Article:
Working in a funeral home was no comparison to carrying and caring for fallen comrades. I had seen human suffering, trauma, and disfigurement; human faces and bodies badly damaged in car wrecks; penetrated by bullets; mangled by machine accidents; and scarred by disease. But, I never saw dying people. Especially not people dying because they had been struck in battle, and I had been spared.
At breakfast, the usual trash talk and friendly joking was absent. They seemed as lost in their thoughts as me.
I remember Tim saying, “Dude, that was intense. I’m glad we volunteered though.”
No shit!?! That’s the first time we’ve spoken to each other in several hours! Every waking moment together for months filled with non-stop chatter and bullshitting, and we didn’t speak through that whole event!
“For sure,” was the only response I could muster.
I felt a mixture of contentedness that we had volunteered as well, but also infinite sadness for my fallen comrade, though I did not know him.
Following breakfast, the twenty-minute return to our dorm was equally silent and I bee-lined for my bunk. Hidden from my roommate by the lockers that divided the room, I finally let my military bearing ease. I replayed the evening’s events in my head and heavy tears came. I cried silently for about thirty minutes until I fell asleep.
Later that morning and well after sunrise, I awoke with the heavy feeling that the man passed away while I slept in my bed. Adding to my sadness, I had no way to confirm or deny my suspicion. I did not know him or how to find out about who he was. Thoughts about his likely death saddened me greatly. For the rest of the deployment, I thought about him, often wondering who he was and the particulars of his story, wishing I could help just once more.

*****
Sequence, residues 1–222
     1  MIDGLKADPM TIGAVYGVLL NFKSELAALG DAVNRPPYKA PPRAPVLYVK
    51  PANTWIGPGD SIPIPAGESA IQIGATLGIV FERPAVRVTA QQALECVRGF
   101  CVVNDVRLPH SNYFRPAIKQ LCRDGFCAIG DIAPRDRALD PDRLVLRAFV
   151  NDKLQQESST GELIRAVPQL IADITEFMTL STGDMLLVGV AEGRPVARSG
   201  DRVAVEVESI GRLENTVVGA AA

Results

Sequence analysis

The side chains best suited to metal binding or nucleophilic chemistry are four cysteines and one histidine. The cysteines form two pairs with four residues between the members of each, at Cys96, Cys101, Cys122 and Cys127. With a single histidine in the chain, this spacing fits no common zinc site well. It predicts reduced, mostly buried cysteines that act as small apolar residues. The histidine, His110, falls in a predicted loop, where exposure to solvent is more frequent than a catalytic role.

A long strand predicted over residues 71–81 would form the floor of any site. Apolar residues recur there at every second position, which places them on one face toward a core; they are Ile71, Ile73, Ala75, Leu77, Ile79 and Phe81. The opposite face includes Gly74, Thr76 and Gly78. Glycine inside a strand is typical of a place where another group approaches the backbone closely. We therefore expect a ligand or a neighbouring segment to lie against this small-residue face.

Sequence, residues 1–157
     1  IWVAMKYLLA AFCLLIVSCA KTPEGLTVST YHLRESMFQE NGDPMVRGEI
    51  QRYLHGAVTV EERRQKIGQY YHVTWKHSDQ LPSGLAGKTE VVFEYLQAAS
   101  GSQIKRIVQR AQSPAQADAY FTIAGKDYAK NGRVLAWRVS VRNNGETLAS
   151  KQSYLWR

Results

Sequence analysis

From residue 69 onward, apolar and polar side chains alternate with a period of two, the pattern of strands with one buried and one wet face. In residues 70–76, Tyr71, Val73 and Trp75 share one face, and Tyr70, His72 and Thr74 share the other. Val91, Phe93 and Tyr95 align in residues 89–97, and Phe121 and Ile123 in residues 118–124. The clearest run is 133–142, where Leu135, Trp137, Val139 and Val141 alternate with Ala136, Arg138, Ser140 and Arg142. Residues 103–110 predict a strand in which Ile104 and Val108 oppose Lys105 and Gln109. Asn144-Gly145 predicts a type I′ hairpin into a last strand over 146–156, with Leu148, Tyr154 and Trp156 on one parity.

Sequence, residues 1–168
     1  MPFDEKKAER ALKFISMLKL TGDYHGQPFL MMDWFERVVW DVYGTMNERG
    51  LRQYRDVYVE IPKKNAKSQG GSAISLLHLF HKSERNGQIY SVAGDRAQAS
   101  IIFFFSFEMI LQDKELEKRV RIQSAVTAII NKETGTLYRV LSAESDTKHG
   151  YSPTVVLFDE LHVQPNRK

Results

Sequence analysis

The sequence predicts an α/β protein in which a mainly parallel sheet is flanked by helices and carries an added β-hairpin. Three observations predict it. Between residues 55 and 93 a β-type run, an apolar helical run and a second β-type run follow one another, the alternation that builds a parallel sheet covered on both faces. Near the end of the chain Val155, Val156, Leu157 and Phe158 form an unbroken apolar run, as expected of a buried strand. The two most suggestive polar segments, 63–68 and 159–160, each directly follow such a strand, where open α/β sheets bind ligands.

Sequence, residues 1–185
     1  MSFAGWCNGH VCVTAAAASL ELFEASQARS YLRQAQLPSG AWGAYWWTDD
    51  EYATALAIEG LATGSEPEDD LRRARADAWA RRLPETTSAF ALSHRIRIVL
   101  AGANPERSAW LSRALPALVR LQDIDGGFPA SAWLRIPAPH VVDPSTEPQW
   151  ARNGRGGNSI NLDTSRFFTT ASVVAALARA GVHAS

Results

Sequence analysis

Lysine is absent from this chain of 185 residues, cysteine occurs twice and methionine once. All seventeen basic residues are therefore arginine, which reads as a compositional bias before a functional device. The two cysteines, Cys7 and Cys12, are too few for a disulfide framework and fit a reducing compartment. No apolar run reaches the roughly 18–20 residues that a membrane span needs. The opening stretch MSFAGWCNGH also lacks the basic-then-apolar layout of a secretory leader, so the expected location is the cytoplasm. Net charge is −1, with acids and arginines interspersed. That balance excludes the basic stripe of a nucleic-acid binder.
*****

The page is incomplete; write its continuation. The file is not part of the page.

That night’s nightmare was not the first time I dreamt of the faceless man. He is a repeat visitor. The person is always has a slender, athletic build and dark hair who has no face, as if he could be anyone or no one. He always stays about 20-30 yards away from me, and he usually appears in public places. The man has been a passenger in a nearby seat on a jet, a passer-by on a crowded street, and a vaguely familiar friend in a busy room at a house party. He appears in civilian clothes usually, but occasionally also wears a U.S. Army combat uniform minus his weapon.
The next morning, I began to describe the faceless man to Kelly. I wasn’t sure that talking about him was going to help, but I felt so angry and frustrated with this discomfiting feeling that I thought I was going to break.
She asked, “Do the night terrors bring the faceless man or vice versa? Is he haunting you or is he there to help and protect you?”
That’s trippy. Whatever significance my faceless “friend” serves–why he’s always there–I have no idea. Why do I not breathe in the dreams when he appears?
“Haunting,” I said finally. “But, I don’t think he’s there to harm me.”
Maybe he’s here to carry my litter onto his bus? Some day a long way off, right, God?? I’ve got Kelly and Cora. I’ve still got shit to do on this earth. Please, make it a long way off before the man carries my litter aboard his bus.
I closed my eyes and imagined myself back on that bus near my dying brother-in-arms, holding my breath on the way back to the hospital. Watching helplessly. Praying fervently. Afraid to breathe the air that the machines pumped into his chest, as if I might be robbing him of his last breath. Knowing that whatever his dreams were, they will never materialize. In the months after the deployment, I chose not to tell her about the dying man on the bus; I didn’t know if she would understand how I felt. Until that morning.
Ryan J. Barry is a third generation Air Force officer, a veteran of Operation Enduring Freedom (Afghanistan), and presently serving as a Squadron Commander in the Air National Guard. He enjoys writing thriller and suspense fiction, and aspires to publish a full-length novel.